Risks skewed towards earlier rate hikes

As for interest rates, the June FOMC meeting saw officials shifting their collective view to a 2023 start point for interest rate increases after having previously been adamant it would not happen before 2024. The Fed’s own 'dot plot' chart of individual members' thoughts on the outlook for interest rates only requires two of the 11 members not favouring a 2022 rate hike to switch sides to bring the medium in favour of action next year. As we have seen, things can change very quickly at the Fed.

Fed dot plot - individual FOMC member interest rate expectations (%)

Source: Macrobond, ING
Macrobond, ING

With the economy continuing to grow strongly, inflation well above target and the jobs market looking strained through a lack of suitable workers we wouldn’t be surprised to see that happen at the September FOMC meeting. This would then tally with our own view that we will start to see policy tightening get underway in September 2022 with a follow-up interest rate rise in December 2022.

Implications for the dollar: We're bullish

The dollar goes into the Wednesday FOMC meeting close to the highs of the year. Assuming that the Fed continues to dangle the carrot of a September tapering and the global growth environment remains mixed at best, we suspect the dollar can retain its gains, if not edge higher.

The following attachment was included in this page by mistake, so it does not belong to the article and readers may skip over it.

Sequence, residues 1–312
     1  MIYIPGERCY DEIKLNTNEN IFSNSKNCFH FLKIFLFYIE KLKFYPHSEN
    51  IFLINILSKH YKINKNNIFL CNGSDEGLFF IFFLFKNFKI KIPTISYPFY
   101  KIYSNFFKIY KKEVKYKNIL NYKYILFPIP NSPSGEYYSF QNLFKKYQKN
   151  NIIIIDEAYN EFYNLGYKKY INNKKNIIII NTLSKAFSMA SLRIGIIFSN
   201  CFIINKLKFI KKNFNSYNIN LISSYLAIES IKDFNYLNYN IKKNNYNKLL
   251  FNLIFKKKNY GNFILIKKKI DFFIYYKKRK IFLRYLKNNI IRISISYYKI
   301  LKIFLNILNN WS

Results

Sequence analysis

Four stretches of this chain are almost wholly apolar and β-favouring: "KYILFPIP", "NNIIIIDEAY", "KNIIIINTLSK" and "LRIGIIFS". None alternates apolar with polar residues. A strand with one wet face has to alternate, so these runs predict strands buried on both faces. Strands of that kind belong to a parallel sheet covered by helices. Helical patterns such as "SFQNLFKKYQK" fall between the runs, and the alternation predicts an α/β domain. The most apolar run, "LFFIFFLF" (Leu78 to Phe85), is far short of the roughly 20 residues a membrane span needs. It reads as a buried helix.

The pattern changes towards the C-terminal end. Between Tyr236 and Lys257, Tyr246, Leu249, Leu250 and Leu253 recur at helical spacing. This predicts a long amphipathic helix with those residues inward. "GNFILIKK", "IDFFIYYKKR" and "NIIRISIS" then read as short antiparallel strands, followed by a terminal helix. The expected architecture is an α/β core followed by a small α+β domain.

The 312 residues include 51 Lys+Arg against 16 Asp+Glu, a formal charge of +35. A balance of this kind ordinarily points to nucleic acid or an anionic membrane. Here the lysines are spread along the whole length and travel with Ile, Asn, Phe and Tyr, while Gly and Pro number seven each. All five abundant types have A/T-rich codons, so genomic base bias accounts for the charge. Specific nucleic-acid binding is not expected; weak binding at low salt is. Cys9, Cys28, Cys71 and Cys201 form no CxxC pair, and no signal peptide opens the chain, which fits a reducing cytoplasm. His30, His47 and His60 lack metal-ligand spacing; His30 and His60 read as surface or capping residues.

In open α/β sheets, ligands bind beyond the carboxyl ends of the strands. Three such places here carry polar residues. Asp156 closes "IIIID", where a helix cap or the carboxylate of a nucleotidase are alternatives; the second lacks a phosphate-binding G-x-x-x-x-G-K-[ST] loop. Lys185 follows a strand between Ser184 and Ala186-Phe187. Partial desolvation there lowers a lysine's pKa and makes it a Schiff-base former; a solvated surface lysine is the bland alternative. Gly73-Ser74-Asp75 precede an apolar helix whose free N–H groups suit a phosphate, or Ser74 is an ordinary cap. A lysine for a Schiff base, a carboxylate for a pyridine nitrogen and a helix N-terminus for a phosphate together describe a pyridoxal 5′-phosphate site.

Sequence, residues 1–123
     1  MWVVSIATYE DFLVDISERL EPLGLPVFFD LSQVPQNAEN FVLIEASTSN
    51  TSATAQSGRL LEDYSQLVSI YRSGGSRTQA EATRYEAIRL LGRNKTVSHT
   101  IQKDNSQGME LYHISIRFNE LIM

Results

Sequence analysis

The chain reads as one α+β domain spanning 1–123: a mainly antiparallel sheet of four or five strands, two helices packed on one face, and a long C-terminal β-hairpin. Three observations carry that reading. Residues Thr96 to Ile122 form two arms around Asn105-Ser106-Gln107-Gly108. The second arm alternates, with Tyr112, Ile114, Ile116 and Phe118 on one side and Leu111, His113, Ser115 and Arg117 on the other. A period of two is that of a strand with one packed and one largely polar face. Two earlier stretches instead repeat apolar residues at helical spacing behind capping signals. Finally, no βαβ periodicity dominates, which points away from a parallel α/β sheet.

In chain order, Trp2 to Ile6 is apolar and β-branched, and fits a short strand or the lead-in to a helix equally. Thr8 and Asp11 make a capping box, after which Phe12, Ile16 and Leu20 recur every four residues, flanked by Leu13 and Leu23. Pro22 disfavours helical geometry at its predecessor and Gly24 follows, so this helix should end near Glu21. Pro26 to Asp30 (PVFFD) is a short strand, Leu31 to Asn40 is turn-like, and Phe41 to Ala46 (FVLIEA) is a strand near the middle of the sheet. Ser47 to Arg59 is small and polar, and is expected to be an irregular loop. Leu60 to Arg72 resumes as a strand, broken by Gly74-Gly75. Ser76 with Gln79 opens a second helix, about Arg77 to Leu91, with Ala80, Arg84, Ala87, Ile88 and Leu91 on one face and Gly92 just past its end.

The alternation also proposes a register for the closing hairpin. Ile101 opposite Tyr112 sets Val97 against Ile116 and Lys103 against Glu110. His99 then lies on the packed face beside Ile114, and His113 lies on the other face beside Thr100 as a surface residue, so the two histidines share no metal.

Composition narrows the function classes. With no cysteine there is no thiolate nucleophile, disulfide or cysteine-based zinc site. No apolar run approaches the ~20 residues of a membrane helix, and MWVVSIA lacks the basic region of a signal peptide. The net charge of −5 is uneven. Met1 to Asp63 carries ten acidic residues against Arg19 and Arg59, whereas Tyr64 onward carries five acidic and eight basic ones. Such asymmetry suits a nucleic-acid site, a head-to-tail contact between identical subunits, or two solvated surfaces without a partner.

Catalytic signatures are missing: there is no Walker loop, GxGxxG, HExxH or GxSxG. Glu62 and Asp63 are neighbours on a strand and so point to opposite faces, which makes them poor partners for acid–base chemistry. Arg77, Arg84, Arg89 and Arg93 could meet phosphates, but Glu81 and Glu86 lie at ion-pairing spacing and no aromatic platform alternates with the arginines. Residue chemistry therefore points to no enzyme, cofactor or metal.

It has been a tough summer for those bearish on the dollar. The 2021 bearish dollar outlook had been based on two key tenets:

  • a patient Fed keeping US real interest rates very negative and
  • a continuing recovery in the global economy as scientists and policymakers increasingly overcame their battle with Covid-19.

Both of those positions have been tested this summer. Firstly the June 16th FOMC meeting suggested the Fed might not be as patient after all and could well be swinging to rate hikes in 2022. The second has been the pick-up in Covid-19 cases driven by the Delta variant. Its impact has not been evenly spread. Developed economies in the northern hemisphere, where vaccination rates are high, are trying to ride the latest wave out without resorting to lockdowns. Developed economies in the southern hemisphere and Emerging Markets, where vaccination rates are low, as you can see in the chart below, are more likely to return to lockdowns and be hit harder.

The vaccination divide

Source: Macrobond, Our World in Data, ING
Macrobond, Our World in Data, ING

The combination of a less dovish Fed and the Delta Variant has certainly hit portfolio flows to emerging markets, which have been negative in five out of the last six weeks. This has certainly provided support to the dollar. It is hard to see this trend turning in the immediate future.

And given that the US rates markets do not look heavily positioned for a hawkish Fed – 1m USD OIS rates priced three years forward have corrected 30bp lower from their highs in June – a Fed sounding like it is ready to start normalising should prove dollar supportive.

For EUR/USD, we had felt that it had a chance of tracing out a 1.17-1.23 range for the second half of this year. A more difficult global environment and a more dovish European Central Bank now means that 1.1700 floor will come under more pressure. A sustained break of 1.1700 would warn of 1.15 and even 1.13 in 3Q21.